Film review: Ready Player One

MARY REICHARD, HOST: It’s The World and Everything in It from member-supported WORLD Radio. Today is Good Friday, March 30th. Good morning, I’m Mary Reichard.

NICK EICHER, HOST: And I’m Nick Eicher.

Megan Basham now on a new film that opened last night in theaters: Ready Player One.

MEGAN BASHAM, REPORTER: It’s hard to imagine a movie plot that hinges on 1980s nostalgia being directed by anyone other than the man responsible for creating much of it—Steven Spielberg.  From the thrilling action sequences to the perfectly-executed flirtatious quips, we feel like we’re watching a great musician play his greatest hits. And everybody else’s.  

In Ready Player One, nearly every pop-culture reference from the Reagan era… including Marty McFly’s DeLorean, the A-Team van, and Monty Python’s holy hand grenade… pops up in this wild Tron-Meets-Willy-Wonka dystopian tale.

I use the description “dystopian” loosely. While the future of teenager Wade Watts—played by Tye Sheridan—isn’t exactly bright, it’s a lot less disturbing and violent than those of his genre comrades like Katniss Everdeen.

AUDIO: My name is Wade Watts. My dad picked that name because it sounded like a superhero’s alter ego. Like Peter Parker or Bruce Banner. But he died when I was a kid. My mom, too. And I ended up here.

In the year 2045, Wade is living in abject poverty like most of the rest of the population… including towers of trailer homes known as “stacks.”  

The good news is he and his friends don’t have to fight each other to survive.  Except, that is, when they want to in the seemingly endless role-playing world they use to escape their troubles—an international videogame phenomenon known as The Oasis.  

AUDIO » This is the Oasis. It’s a place where the limits of reality are your own imagination. People come to the Oasis for all the things they can do. But they stay because of all the things they can be.

And thanks to the last will and testament of the game’s trillionaire creator James Halliday—played by a phenomenal Mark Rylance—one lucky player has the chance to make the real world pretty good, too.  All they have to do is solve clues from Halliday’s past to find three keys that unlock the door to controlling interest in his company.

AUDIO: Hello. If you’re watching this, I’m dead. I created a hidden object. An Easter egg. The first person to find the egg will inherit half a trillion dollars and total control of the Oasis itself.

While Spielberg may have a reputation for leaning left, it’s clear from the changes he made to Ernest Cline’s best-selling novel that he was committed to creating a crowd-pleaser for… well… crowds.  Cline’s book devoted tedious amounts of time to grating lectures on climate change and 8th grade-level diatribes against organized religion. While your standard-issue evil corporation fills the role of bad guy, it’s aims are too generic and frankly nonsensical to feel like any serious anti-capitalist messaging.  Mostly it just seems like Spielberg needs imposing adults for the teens to rail against.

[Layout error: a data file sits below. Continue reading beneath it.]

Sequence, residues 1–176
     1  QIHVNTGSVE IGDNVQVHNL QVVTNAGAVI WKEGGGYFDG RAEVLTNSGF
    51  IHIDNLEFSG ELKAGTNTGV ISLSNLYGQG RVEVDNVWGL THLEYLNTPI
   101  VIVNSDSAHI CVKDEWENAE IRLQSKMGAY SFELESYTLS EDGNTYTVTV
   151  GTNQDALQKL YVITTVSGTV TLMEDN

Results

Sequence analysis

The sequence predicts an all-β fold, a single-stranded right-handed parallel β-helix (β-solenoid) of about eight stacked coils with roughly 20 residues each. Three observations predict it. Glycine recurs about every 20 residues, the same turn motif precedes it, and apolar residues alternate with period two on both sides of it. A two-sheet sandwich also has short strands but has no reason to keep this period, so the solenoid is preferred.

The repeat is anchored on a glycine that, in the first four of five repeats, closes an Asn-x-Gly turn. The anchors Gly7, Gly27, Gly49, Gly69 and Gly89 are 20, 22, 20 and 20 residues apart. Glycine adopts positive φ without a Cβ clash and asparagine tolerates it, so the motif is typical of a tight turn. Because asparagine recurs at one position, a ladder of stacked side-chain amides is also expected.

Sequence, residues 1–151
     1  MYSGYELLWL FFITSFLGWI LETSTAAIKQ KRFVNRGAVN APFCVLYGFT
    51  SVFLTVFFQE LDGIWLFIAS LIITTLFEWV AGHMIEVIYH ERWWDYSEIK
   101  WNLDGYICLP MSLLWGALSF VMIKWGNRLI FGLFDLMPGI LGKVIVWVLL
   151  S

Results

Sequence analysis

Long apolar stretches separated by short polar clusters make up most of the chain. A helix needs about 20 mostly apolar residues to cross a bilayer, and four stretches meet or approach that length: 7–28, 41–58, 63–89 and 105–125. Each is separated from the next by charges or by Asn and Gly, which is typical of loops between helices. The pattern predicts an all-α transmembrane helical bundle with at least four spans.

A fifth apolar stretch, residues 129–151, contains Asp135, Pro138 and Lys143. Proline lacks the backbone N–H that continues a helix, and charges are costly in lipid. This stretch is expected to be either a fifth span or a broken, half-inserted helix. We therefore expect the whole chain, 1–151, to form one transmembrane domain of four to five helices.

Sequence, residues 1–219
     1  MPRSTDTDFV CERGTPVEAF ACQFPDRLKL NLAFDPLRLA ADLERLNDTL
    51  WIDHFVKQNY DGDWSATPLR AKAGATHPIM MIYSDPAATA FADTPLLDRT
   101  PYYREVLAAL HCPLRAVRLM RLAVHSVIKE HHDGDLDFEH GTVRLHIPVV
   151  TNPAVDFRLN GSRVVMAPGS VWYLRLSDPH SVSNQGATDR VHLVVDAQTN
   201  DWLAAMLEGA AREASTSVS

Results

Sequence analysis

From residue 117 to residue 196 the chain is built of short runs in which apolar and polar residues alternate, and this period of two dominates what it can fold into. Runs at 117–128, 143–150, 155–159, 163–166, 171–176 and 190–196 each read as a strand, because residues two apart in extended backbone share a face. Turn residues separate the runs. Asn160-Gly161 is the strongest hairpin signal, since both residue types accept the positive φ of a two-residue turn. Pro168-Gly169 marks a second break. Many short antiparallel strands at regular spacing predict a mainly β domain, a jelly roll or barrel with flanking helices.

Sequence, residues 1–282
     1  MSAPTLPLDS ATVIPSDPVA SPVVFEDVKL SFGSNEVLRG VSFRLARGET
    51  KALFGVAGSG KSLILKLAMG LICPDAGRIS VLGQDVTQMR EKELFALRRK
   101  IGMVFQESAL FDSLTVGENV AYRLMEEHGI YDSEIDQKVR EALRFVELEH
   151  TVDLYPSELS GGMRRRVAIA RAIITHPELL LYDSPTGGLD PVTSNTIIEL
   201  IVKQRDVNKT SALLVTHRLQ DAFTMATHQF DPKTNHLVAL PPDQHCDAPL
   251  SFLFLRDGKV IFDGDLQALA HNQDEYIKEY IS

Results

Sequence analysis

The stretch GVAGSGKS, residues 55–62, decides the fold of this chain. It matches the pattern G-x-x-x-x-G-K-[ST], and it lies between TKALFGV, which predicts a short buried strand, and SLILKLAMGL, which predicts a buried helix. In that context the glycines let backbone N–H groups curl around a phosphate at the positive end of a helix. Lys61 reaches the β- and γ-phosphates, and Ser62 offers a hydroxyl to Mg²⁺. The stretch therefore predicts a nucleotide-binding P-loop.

AUDIO: I just came here to escape. But I found something much bigger than just myself. I found my friends. I found love. And now people have lost their lives. Are you willing to fight?

What’s more, he pointedly ditches the liberal, atheist proselytizing of the book  in favor of sly jokes audiences from all sides of the aisle can enjoy. For example, rather than following the book and blaming climate change or any other current hot topics on the conditions Wade and his friends live in… Spielberg has it all come about from  “corn syrup droughts” and “bandwidth riots.” Not only are these subjects unlikely to get anyone’s dander up, they’re also a far more clever commentary on where present-day America’s failings actually lie.

That said, there’s a downside to Spielberg sticking so close to 80s script. Namely, that kids movies were a lot freer with profanity back in the day. Goonies, ET, Adventures in Babysitting—all these favorites from my childhood shock me with their dialogue when I go back and watch them now. Though Ready Player One at least benefits from the more appropriate modern designation of PG-13, many modern parents won’t appreciate that a movie that should be perfect for all ages includes so much language, including an f-bomb.

If there’s any other major complaint, it’s that as diverting as the movie is, you can’t help feeling that it could have been more.  Had Spielberg spent a little more time in the real world with real people—rather than dazzling our eyes with the CGI spectacles and pop-culture throwbacks—Ready Player One might have been a film today’s youngsters reflect on fondly 30 years from now.  As it stands, the movie is, like its central conceit, just a place to forget our problems and have fun for a couple of hours.

But at least it’s fun the whole country can have together.

For WORLD Radio, I’m Megan Basham.

(Jaap Buitendijk/Warner Bros. Pictures via AP) This cover image released by Warner Bros. Pictures shows Tye Sheridan, left, in the scene of “Ready Player One.”

WORLD Radio transcripts are created on a rush deadline. This text may not be in its final form and may be updated or revised in the future. Accuracy and availability may vary. The authoritative record of WORLD Radio programming is the audio record.

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